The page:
Victoria possessed strong political prejudices. She was favourably disposed towards Melbourne (because he was a Whig), Peel (despite his Toryism and an early dispute over Ladies of the Bedchamber in 1839) and Disraeli (whom she had originally disliked because of his opposition to Peel).
By contrast, despite her natural Whig sympathies she was hostile towards Palmerston (whom Albert and she nicknamed ‘Pilgerstein’) and Gladstone (whom she regarded as ‘half- crazy’).
She bitterly complained that Gladstone addressed her as if she were a public meeting. Disraeli, on the other hand, had the wit to flatter her. She never saw any constitutional impropriety in forcibly expressing her opinions to ministers.
Victoria and Prince Albert’s happy family life was well known and the marriage produced nine children between 1840 and 1857, many of whom colonised the Royal Families of Europe, thereby earning her the nickname ‘the grandmother of Europe’.
Her descendants include Harald V of Norway, Carl XVI Gustaf of Sweden, Margrethe II of Denmark, and Felipe VI of Spain.
For almost a decade after Albert’s premature death in 1861 she lived in seclusion, which fuelled adverse criticism and republican sentiment.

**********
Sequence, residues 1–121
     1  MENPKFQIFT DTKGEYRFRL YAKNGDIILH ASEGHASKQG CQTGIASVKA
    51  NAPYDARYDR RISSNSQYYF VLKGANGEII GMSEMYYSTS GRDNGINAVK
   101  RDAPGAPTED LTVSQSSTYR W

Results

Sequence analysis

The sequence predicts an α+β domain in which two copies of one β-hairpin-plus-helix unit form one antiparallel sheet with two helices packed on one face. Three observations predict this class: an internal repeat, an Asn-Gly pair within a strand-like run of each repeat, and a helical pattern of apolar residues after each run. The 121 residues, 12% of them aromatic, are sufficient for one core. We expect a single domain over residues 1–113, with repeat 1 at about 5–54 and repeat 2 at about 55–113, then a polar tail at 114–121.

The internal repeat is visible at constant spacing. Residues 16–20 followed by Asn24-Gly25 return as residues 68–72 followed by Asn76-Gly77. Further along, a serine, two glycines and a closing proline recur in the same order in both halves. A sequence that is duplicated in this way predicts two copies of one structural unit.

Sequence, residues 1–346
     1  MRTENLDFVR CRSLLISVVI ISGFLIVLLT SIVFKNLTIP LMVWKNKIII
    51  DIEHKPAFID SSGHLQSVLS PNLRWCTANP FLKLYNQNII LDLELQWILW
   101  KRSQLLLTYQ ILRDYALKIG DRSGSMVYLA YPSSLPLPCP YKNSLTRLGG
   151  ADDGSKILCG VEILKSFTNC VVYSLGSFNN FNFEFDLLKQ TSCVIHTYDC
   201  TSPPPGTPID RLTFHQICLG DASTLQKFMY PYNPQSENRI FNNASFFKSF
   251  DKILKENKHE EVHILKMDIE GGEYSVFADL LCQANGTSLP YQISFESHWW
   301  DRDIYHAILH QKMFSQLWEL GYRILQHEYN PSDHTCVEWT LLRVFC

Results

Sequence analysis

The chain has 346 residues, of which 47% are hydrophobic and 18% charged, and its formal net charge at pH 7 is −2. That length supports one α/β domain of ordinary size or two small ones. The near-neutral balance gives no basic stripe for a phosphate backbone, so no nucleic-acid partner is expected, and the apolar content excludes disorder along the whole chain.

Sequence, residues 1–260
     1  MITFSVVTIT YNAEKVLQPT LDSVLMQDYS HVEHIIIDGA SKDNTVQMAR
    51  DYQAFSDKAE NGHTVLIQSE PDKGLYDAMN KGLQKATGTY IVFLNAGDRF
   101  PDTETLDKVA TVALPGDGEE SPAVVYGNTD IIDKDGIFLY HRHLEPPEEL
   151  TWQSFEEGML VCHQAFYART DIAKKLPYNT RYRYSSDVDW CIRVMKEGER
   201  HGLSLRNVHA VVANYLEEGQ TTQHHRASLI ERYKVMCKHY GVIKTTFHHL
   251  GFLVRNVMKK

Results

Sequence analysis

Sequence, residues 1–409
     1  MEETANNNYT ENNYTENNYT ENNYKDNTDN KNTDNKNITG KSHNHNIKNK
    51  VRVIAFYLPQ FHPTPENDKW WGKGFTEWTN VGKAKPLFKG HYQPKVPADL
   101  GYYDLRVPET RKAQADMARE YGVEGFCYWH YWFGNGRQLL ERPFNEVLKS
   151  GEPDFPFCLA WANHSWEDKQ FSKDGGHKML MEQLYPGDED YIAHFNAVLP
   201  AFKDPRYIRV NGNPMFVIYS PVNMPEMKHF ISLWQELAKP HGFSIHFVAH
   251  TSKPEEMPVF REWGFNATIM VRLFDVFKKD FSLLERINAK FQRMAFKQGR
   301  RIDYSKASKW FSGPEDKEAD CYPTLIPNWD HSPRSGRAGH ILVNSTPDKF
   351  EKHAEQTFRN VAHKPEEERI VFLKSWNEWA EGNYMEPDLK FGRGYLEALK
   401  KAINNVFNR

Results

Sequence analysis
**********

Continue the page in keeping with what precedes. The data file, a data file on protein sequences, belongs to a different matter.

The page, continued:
In 1866 and 1867 she was persuaded to open Parliament in person. Disraeli gently coaxed her into resuming public duties, not least by making her Empress of India, and she regained much of her early popularity.
By the time of her Golden and Diamond Jubilees, in 1887 and 1897 respectively, David Starkey contends she enjoyed ‘wider and deeper popularity’ than any previous monarch.
Victoria’s reign coincided with the rapid expansion of Empire, of which she became the embodiment.
Her subjects constituted a quarter of the world’s population and she ruled over a quarter of the land surface of the earth.
It was said that she presided over an Empire on which the sun never set because its global character ensured that the sun was always shining on at least one part of it at any given time.
Although she never visited any of her overseas possession, she took a keen and intelligent interest in a wide variety of Imperial issues.
She appointed Mohammed Abdul Karim (the ‘Munshi’), of whom she was very fond, as her Indian secretary and he taught her some rudimentary Hindustani.
Despite Victoria’s place in nationalist folklore as ‘the Famine Queen’, she was genuinely rather fond of Ireland. Her visit to Killarney in 1861 firmly put the town on the tourist map, a status which it has enjoyed ever since.
She visited Ireland four times: between August 3 and 12 1849; between August 29 and September 4 1853; between August 21 and 30 1861; and between April 3 and 26 1900.
During her first visit she donated £2,000 to help victims of the famine.
The purpose of her final visit was to acknowledge the striking contribution of Irish regiments in the Boer War.
On each and every occasion she was warmly received, just as her great-great-granddaughter was in the Irish Republic in 2011.